“It made me more compassionate,” Julie says of her six years on the board. “It made me stronger.”
And her work, many say, had a lasting impact. “I was a part of evolving the Salute (the YWCA’s main fundraising event) into a Friday night gala and turning it into something much bigger and involving men in the program,” she says.
She was a catalyst for the Stand for Women campaign in 2015 that put noteworthy men front and center standing up against domestic violence.
“We did get some push back because some feel like the YWCA is a women’s organization and it needs to be directed by women,” Julie says. “I get that, but my push for change was that it can’t just be women helping women when we are talking about domestic violence. It needs to be a community effort.”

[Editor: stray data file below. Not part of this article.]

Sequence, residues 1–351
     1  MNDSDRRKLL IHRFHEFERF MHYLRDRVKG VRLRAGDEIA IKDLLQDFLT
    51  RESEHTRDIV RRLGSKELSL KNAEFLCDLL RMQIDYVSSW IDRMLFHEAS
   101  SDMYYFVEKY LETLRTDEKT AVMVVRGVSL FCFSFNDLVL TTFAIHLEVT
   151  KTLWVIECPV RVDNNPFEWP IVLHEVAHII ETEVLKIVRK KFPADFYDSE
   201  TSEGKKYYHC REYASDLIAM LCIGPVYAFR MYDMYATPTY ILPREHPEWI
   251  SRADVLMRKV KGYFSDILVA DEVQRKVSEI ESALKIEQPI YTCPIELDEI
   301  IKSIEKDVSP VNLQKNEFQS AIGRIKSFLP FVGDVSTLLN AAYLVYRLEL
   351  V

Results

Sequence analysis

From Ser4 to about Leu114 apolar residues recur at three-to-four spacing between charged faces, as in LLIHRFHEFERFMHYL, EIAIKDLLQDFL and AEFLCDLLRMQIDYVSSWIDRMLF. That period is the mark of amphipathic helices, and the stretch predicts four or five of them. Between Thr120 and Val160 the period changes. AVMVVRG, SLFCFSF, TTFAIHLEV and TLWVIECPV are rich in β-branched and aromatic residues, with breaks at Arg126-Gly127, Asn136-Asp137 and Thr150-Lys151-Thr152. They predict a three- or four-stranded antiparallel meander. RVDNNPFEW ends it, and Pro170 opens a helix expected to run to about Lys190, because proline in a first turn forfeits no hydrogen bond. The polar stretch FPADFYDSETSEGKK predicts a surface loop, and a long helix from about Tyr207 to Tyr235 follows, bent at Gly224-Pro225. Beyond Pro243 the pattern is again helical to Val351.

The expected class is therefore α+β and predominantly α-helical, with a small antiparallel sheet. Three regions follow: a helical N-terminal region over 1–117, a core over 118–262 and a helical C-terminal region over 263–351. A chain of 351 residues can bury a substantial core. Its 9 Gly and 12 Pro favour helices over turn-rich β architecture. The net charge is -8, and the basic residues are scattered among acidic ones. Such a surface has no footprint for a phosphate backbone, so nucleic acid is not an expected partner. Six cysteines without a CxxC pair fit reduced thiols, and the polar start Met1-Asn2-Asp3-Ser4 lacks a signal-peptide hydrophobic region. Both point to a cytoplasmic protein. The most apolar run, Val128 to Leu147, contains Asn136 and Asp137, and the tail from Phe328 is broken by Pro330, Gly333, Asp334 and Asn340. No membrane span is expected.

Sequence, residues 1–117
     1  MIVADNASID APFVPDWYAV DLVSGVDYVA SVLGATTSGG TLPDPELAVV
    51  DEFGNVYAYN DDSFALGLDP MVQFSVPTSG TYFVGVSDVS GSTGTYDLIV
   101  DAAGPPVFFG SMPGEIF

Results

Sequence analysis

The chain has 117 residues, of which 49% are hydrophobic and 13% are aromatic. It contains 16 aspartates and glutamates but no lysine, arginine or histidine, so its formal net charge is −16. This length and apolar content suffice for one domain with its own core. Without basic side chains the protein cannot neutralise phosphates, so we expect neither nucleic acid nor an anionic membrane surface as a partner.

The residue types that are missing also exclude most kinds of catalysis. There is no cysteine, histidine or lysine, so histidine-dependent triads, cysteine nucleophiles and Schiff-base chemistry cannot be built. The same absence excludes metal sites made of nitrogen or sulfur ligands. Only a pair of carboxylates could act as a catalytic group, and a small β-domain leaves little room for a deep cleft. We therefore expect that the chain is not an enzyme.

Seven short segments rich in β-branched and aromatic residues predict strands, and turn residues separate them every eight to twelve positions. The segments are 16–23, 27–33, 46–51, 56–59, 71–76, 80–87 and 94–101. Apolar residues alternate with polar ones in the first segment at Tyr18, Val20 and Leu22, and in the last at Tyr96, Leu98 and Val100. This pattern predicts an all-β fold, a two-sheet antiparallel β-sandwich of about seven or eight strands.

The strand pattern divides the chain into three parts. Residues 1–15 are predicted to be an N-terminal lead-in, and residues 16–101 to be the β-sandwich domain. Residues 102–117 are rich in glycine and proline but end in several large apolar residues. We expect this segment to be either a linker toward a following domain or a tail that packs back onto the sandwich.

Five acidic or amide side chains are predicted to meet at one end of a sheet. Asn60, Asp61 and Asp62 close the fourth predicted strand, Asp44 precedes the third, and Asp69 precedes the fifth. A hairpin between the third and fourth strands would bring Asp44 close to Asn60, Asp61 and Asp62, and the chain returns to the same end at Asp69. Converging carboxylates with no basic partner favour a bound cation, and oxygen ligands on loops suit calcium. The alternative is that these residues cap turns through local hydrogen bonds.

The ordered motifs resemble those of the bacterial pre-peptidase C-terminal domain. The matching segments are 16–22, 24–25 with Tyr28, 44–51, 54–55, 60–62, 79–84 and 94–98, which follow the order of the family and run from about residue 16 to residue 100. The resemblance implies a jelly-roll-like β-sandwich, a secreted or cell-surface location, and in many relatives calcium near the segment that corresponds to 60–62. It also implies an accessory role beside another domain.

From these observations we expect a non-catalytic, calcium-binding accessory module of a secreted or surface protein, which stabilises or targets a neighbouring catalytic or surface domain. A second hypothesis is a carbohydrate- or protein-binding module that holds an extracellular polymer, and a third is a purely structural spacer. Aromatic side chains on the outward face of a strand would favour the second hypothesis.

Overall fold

She’s proud of the shift in mindset, especially when she learned that in the past year the YWCA elected its first male board members.
And then, at 48, Julie made a dramatic career move, from higher education to real estate. She credits the tireless encouragement of her friend Mark Dawson.
As Julie says, “He kept telling me, ‘You connect so well with people and that’s what the business is all about.’” She laughs when she says, “Oh, hell yeah, I can try a new career, and then again, and then maybe one more time. For the good and the bad, that has formed my life.”
Working in the real estate scene has given Julie a little flexibility, some of which she has devoted to serving Billings Chamber of Commerce Board, helping to guide the Chamber’s policies and legislative work.
“That’s just right in my wheelhouse,” Julie says. “I have always been on the fringe in politics. I don’t want to run for office myself, but I love that work. I think it is so important and I think it is important to have voices that are diplomatic.”